I wasn’t around the diabetes world when home blood glucose monitors came onto the market. I was handed a meter the day I was diagnosed in 1998, and I was able to take myself off to an NDSS outlet and pick up strips. Blood glucose monitoring was expected then, and I was easily able to access what I needed to meet the recommended glucose monitoring treatment I was prescribed. I remember being told just how essential it was that I prick my finger and check my glucose levels before meals and before bed – at least. This was the technology that was readily and affordably available to people in Australia and healthcare professionals were very, very in favour of using it.

But it wasn’t always the case.

In the early 1980s, home blood glucose meters started being offered to people with diabetes to take home and use. It was the start of self-monitoring blood glucose (SMBG) – before this, it was all about weeing on a stick and analysing colours. The advent of SMBG is certainly one of those moments on the diabetes timeline that stands out as an important step in diabetes management and improved care.

At the time, there was a lot of criticism of this new-fangled device, with many HCPs believing that it wouldn’t take off, the expense was needless and that there was not enough evidence to support the ongoing subsidisation of such technology. According to a short reflection piece to BMJ in May 1998, the introduction of SMBG had clinicians believing home glucose monitoring ‘a dangerous practice’.

As insulin pumps became more popular, the same attitudes were emerging and in 2001, when I decided I wanted to start on a pump, I had to doctor shop before I could find an endo who would agree to filling out the necessary paperwork. The reasons for refusing my request ranged from ‘You’ve not had diabetes long enough yet,’ (I started on a pump almost three years after diagnosis) to ‘They’re not safe’, and ‘There’s no evidence a pump will improve your A1c’, to which I replied ‘Okay – but will it let me sleep in on a Saturday morning and present more flexible food timings and options? Because my quality of life is seriously impacted on having to freedom to live my life because of the restrictions my current diabetes treatment regimen demands and I am becoming burnout and resentful of it right now.’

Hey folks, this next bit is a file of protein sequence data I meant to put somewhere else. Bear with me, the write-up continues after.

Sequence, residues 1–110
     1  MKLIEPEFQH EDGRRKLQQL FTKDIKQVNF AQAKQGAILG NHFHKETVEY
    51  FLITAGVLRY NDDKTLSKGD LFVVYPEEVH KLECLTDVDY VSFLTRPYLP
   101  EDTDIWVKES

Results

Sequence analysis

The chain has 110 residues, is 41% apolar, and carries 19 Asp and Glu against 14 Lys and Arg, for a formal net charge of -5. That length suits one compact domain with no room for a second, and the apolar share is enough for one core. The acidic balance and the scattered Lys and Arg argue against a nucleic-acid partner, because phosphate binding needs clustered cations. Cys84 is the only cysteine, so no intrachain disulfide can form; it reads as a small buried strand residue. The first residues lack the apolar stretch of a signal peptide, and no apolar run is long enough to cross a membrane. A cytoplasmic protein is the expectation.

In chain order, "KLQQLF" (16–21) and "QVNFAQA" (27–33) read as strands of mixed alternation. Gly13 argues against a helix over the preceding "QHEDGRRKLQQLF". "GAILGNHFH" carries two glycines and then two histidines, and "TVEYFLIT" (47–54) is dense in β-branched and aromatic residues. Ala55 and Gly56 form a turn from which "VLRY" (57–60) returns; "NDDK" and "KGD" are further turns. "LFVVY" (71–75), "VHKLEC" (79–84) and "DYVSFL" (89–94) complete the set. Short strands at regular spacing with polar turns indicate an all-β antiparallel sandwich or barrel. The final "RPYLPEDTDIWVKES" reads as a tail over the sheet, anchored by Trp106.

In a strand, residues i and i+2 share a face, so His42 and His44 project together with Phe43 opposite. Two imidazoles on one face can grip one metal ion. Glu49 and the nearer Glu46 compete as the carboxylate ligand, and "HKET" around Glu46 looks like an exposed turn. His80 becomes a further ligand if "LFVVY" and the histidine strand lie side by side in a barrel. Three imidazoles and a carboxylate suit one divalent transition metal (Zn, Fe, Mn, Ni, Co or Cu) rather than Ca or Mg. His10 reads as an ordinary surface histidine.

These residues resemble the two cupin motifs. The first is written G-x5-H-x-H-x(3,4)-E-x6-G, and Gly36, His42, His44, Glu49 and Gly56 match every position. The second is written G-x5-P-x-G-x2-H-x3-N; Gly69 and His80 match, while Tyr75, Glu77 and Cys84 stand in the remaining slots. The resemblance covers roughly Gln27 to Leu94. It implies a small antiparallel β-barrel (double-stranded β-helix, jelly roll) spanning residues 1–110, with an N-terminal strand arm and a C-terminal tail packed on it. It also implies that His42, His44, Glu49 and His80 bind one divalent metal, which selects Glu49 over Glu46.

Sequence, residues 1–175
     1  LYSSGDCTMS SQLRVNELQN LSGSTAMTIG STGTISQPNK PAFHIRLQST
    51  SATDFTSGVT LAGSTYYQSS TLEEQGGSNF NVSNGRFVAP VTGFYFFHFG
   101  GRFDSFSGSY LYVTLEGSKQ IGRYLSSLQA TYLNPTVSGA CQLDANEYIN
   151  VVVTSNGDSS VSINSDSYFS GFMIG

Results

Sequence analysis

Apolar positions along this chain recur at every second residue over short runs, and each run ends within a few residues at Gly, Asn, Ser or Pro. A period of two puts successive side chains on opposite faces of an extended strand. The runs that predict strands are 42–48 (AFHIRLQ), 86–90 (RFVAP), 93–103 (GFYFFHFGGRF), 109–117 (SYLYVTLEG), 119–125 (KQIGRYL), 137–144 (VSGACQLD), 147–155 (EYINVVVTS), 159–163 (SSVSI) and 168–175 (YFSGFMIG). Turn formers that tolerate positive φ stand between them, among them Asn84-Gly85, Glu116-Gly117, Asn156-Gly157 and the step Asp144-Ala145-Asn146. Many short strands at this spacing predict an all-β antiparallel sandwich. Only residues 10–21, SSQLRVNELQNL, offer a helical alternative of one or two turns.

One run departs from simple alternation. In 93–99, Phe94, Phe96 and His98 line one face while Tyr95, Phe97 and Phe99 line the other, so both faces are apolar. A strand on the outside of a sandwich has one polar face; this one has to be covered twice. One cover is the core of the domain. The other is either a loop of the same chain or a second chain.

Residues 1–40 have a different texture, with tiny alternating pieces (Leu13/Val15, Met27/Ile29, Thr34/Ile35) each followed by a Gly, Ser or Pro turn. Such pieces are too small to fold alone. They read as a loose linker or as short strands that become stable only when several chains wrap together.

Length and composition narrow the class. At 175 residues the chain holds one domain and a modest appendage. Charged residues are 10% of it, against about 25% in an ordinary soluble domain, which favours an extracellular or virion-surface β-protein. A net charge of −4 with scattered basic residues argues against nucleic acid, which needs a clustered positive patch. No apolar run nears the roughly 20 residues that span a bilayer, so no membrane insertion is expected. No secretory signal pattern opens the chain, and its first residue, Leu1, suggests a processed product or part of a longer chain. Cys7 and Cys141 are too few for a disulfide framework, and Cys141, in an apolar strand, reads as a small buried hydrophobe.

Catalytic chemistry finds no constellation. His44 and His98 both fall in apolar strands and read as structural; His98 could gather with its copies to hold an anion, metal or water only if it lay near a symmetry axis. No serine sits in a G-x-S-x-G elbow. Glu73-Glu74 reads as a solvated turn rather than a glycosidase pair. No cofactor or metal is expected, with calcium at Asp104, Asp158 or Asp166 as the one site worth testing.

I wish I could say that these ideas ceased when I started on a pump, but we still hear today people being refused pump therapy for a litany of reasons that, quite frankly, don’t hold water in most cases.

And then, the arrival of CGM was met with exactly the same reaction. ‘It will make people obsessive,’ and ‘there’s no evidence to suggest that it actually improves clinical outcomes and A1c’ and ‘It’s a gimmick – we have blood glucose monitoring that works just fine,

This, despite a recent talk I attended at ADA where endocrinologist, Steve Edelman from TYOCD declared: